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As a result of the close-down of the UK by the British Government last night, we have made all the Buy/Sell areas read-only until we open back up again, so please have a look at the announcement linked here.

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About Spiny

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  1. First rule of anything - don't be in a rush to compare yourself to others, particularly with a place like here where some of the builds are incredible. It might be your first model, but it does show a good starting point and it's a plus that you're able to look at what you've done and identify where you can improve. Just remember everyone starts somewhere. As for more specific questions, I use Halfords car primer (white for light colours, grey for dark) which hasn't let me down yet and is good value for money compared to model paints. Of course, being a rattlecan you will need somewhere that won't cause you to stink out the house. Other people will have other favourite primers, but it's usually worth giving a quick rub over it with fine (say 1500-2000 grit) sandpaper before the colour coat. It sounds from what you've written that decals are proving your bete noire at the moment. I would second the suggestion to get hold of Microset and Microsol. Brush on the Microset, then apply the decal. Leave for a while so that the decal is set in position, then brush over it with Microsol. Depending on the decals (some are quite flexible, others not so), you may not need to do this but it's often worth giving at least one application. Once you've applied the Microsol wait a few hours before touching the decal as the solution makes it soft and easily damaged. For thick and/or stiff decals such as the Fiesta I'm on with at the moment, you may need to apply Microsol more than once to get the decal to conform properly. Even then, as you've discovered, tight compound curves can still be a pain and the odd crease or tear may be present at the end. Keep at it.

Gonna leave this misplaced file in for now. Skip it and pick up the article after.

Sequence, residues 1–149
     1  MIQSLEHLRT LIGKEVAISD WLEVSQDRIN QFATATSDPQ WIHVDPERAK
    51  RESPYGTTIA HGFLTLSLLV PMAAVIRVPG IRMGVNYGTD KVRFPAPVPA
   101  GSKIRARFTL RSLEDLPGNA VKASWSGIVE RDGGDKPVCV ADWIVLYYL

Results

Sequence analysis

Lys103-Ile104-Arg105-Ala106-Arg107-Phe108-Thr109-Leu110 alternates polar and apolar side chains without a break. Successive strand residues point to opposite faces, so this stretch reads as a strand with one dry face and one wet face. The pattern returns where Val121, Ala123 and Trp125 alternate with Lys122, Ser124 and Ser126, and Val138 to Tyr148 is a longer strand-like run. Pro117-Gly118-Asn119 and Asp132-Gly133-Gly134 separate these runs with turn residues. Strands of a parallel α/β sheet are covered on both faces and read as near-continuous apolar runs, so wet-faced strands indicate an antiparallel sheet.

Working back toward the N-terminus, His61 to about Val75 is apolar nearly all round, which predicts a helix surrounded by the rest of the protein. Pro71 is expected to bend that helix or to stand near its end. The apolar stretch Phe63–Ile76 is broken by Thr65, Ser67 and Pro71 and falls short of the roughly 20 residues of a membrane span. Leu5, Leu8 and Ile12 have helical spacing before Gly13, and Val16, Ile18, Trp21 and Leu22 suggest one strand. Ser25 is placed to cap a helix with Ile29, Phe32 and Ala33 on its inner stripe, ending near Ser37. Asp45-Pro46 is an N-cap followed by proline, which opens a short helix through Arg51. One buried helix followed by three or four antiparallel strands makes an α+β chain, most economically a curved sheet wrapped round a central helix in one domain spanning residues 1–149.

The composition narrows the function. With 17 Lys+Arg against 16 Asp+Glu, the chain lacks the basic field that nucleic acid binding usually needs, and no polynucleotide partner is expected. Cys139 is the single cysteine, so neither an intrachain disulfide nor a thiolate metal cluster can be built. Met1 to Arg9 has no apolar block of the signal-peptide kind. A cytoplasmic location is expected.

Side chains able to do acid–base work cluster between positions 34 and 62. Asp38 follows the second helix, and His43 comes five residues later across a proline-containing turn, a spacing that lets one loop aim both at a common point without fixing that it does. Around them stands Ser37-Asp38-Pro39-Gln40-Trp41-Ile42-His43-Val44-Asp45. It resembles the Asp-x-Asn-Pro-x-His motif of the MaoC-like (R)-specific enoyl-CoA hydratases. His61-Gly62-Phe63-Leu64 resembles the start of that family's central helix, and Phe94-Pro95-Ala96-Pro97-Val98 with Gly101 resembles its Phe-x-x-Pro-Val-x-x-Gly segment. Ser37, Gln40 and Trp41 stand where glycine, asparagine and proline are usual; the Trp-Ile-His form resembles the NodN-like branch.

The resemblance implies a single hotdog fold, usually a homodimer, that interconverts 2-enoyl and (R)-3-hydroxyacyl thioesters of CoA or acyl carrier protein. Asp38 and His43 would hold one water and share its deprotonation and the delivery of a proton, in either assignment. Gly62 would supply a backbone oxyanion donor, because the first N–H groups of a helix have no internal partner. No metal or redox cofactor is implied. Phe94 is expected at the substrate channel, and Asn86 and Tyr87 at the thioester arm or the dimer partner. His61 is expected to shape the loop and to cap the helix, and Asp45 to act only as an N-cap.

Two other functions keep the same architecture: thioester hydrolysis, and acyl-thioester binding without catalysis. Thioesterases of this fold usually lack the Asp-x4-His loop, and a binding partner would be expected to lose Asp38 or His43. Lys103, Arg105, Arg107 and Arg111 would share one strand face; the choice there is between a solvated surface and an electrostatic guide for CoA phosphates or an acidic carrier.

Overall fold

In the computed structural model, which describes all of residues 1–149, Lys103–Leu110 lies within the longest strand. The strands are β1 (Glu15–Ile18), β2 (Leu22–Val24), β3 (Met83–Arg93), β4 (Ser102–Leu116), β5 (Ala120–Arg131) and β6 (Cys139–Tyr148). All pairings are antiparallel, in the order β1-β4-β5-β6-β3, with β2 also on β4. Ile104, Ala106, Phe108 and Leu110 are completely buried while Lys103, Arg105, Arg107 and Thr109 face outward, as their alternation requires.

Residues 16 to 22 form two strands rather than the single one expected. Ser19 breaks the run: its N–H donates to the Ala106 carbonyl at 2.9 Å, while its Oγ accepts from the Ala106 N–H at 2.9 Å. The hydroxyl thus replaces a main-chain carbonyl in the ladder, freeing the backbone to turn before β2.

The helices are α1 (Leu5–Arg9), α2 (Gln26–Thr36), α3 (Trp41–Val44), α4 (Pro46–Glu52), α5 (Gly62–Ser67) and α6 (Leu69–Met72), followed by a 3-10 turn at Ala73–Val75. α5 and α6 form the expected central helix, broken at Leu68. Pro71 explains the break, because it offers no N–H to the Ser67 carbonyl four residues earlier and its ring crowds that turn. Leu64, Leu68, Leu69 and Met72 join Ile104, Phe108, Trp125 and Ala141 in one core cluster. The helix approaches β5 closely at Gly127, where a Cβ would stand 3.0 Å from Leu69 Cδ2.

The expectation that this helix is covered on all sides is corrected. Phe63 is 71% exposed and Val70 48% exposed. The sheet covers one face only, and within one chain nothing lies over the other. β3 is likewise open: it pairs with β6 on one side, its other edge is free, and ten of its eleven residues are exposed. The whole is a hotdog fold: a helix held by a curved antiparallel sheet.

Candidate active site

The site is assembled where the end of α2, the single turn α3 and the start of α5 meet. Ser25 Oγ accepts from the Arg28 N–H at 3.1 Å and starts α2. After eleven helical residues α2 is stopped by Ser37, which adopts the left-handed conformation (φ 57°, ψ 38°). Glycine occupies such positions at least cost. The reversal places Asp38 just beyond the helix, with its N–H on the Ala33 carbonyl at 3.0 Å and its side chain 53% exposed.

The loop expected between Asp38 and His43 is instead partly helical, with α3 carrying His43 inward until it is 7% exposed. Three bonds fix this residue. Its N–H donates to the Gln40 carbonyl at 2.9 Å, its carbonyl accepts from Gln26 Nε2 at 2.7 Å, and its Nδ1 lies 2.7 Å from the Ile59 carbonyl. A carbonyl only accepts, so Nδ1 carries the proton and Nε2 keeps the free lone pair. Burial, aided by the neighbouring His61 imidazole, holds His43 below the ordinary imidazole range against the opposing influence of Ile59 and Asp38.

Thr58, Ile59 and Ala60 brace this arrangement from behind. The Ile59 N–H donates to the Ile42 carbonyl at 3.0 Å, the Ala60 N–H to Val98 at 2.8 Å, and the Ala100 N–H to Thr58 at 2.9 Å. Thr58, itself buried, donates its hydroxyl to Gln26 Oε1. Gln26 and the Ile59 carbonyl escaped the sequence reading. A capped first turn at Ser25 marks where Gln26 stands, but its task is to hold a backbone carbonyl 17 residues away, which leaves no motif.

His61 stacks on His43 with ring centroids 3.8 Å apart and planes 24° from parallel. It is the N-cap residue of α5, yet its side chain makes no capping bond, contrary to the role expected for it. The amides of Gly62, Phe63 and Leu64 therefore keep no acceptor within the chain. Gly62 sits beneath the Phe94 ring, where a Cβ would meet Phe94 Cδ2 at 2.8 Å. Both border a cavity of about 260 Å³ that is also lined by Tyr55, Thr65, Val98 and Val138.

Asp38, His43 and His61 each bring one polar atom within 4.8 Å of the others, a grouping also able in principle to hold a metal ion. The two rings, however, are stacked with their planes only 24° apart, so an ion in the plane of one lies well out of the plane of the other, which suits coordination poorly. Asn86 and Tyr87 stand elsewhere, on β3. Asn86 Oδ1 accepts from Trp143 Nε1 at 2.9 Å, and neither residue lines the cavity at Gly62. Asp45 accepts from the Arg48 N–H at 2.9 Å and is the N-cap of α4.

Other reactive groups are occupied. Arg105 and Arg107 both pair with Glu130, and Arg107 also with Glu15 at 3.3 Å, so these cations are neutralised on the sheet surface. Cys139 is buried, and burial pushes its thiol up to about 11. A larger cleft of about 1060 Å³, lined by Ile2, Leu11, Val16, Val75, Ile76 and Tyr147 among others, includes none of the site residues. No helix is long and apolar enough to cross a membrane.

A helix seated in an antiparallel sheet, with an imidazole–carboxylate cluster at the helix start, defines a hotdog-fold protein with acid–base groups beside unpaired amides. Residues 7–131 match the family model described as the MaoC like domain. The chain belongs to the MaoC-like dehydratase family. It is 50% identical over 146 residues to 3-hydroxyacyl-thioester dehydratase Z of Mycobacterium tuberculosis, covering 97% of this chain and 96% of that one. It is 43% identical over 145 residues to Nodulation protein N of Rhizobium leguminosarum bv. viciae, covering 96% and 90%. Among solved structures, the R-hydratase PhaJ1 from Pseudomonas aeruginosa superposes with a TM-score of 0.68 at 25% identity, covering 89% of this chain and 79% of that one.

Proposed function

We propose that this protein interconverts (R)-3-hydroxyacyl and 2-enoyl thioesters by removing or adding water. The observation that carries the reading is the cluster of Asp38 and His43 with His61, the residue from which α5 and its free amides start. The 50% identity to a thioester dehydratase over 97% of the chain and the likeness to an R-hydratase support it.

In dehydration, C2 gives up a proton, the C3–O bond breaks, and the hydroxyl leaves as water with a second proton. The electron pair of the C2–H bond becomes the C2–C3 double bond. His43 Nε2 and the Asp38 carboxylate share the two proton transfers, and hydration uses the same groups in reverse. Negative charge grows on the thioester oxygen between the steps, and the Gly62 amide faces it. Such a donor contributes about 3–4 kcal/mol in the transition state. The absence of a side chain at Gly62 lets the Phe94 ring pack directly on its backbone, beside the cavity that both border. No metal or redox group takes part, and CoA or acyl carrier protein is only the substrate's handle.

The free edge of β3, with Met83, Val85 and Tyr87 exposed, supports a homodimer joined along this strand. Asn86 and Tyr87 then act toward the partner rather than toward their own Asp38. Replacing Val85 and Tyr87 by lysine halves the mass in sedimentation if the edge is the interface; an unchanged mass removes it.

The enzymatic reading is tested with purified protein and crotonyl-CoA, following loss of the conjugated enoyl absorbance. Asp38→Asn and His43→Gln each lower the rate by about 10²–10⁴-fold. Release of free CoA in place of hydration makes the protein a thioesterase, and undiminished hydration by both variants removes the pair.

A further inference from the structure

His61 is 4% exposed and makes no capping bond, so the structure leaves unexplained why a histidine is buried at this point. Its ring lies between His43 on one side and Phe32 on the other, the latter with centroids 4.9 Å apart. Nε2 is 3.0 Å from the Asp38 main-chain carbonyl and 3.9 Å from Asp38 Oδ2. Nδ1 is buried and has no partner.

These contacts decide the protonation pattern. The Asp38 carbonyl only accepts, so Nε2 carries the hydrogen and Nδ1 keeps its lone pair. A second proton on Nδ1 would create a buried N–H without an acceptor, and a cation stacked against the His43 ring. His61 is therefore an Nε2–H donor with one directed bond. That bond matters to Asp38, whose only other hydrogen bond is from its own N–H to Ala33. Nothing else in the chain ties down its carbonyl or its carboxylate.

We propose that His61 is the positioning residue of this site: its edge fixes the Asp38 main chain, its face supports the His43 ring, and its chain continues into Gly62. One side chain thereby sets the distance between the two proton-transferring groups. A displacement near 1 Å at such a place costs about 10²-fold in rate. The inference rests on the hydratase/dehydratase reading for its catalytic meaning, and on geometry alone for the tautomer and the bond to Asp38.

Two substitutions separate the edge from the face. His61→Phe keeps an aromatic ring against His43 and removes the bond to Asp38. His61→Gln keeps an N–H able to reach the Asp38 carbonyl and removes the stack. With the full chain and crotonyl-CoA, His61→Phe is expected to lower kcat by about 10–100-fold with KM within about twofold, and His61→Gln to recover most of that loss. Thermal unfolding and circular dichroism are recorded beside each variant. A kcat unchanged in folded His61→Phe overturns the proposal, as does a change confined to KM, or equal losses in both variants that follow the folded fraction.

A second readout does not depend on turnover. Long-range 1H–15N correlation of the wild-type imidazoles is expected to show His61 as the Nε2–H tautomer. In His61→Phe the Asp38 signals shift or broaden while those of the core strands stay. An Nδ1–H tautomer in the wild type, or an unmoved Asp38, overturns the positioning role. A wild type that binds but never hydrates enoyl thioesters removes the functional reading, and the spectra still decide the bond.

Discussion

2. I take it you're looking at putting clear varnish onto the clear plastic? If it was me, I would leave the clear as is as much as possible - if there's any small scratches on there you're probably better off polishing them out than varnishing the window. In terms of whether it will react, I don't know but would expect probably not. If you want to see how it will look and whether it will work, it's probably worth trying on some sprue first.
  3. If only... when I went on furlough I moved the modelling to the desk I was using for work as there was more room. Now I'm back at work, tomorrow I'll have to move everything back to my usual place. At least the carpet where I'll be moving to is much less capable of swallowing small parts, important with all the photoetch coming up